Rifampin vs. rifapentine: what is the preferred rifamycin for tuberculosis?

Omamah Alfarisi, Wael A. Alghamdi, Mohammad H. Al-Shaer, Kelly Elise Dooley, Charles A. Peloquin

Research output: Contribution to journalArticle

Abstract

Introduction: One-third of the world’s population is infected with Mycobacterium tuberculosis (M.tb.). Latent tuberculosis infection (LTBI) can progress to tuberculosis disease, the leading cause of death by infection. Rifamycin antibiotics, like rifampin and rifapentine, have unique sterilizing activity against M.tb. What are the advantages of each for LTBI or tuberculosis treatment? Areas covered: We review studies assessing the pharmacokinetics (PK), pharmacodynamics (PD), drug interaction risk, safety, and efficacy of rifampin and rifapentine and provide basis for comparing them. Expert commentary: Rifampin has shorter half-life, higher MIC against M.tb, lower protein binding, and better distribution into cavitary contents than rifapentine. Drug interactions for the two drugs maybe similar in magnitude. For LTBI, rifapentine is effective as convenient, once-weekly, 12-week course of treatment. Rifampin is also effective for LTBI, but must be given daily for four months, therefore, drug interactions are more problematic. For drug-sensitive tuberculosis disease, rifampin remains the standard of care. Safety profile of rifampin is better-described; adverse events differ somewhat for the two drugs. The registered once-weekly rifapentine regimen is inadequate, but higher doses of either drugs may shorten the treatment duration required for effective management of TB. Results of clinical trials evaluating high-dose rifamycin regimens are eagerly awaited.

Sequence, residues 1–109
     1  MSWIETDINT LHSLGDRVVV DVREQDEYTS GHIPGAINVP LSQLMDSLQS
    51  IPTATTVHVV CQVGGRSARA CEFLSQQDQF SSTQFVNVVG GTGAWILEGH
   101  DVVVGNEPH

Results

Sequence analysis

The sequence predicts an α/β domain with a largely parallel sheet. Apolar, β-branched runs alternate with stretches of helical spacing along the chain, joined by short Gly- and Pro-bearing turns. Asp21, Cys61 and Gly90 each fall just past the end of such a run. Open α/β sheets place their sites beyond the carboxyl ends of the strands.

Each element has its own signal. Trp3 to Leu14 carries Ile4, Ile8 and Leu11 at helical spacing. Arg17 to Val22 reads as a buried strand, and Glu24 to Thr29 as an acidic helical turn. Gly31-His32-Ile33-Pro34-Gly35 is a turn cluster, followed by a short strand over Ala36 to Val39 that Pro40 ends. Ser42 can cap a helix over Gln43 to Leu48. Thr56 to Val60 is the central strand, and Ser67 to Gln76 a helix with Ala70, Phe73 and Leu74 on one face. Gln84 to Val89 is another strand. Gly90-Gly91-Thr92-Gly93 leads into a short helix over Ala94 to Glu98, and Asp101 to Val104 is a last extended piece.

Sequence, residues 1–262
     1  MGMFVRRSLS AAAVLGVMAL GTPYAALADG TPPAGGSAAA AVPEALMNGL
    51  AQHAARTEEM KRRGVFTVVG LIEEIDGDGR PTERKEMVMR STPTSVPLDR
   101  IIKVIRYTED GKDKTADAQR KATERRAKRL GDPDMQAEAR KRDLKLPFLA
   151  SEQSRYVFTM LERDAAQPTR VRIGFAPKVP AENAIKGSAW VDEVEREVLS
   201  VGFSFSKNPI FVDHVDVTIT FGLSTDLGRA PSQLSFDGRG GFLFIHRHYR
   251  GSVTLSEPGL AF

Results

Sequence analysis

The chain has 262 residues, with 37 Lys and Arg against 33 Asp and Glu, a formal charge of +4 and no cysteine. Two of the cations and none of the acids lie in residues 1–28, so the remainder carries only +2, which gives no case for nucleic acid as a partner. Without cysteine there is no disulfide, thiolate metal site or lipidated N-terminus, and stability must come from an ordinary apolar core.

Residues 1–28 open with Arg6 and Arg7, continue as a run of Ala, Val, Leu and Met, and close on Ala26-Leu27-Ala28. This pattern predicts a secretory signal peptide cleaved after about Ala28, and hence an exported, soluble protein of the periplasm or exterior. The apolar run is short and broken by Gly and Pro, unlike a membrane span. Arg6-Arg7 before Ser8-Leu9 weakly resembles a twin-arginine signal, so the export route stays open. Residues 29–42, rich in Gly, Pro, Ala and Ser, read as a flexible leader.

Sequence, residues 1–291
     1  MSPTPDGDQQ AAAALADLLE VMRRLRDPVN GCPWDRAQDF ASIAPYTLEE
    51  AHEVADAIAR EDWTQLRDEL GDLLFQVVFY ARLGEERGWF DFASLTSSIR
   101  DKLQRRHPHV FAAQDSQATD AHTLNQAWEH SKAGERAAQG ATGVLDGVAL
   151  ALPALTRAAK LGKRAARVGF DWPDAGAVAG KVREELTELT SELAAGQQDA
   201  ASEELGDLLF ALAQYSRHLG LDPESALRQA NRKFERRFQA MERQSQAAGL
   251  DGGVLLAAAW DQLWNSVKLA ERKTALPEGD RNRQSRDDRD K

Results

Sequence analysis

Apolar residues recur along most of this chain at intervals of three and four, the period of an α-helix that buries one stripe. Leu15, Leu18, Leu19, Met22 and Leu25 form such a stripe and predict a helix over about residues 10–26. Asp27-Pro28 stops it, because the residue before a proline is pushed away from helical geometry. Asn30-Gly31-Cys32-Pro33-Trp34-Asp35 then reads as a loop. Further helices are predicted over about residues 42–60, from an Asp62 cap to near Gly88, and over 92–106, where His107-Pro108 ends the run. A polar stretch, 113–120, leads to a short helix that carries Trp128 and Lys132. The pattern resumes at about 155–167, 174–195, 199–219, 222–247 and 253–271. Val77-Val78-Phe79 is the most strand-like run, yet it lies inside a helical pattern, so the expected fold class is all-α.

Original languageEnglish (US)
Pages (from-to)1-10
Number of pages10
JournalExpert Review of Clinical Pharmacology
DOIs
StateAccepted/In press - Aug 19 2017

Keywords

  • pharmacodynamics
  • pharmacokinetics
  • rifampin
  • rifamycin
  • rifapentine
  • Tuberculosis

ASJC Scopus subject areas

  • Pharmacology, Toxicology and Pharmaceutics(all)
  • Pharmacology (medical)

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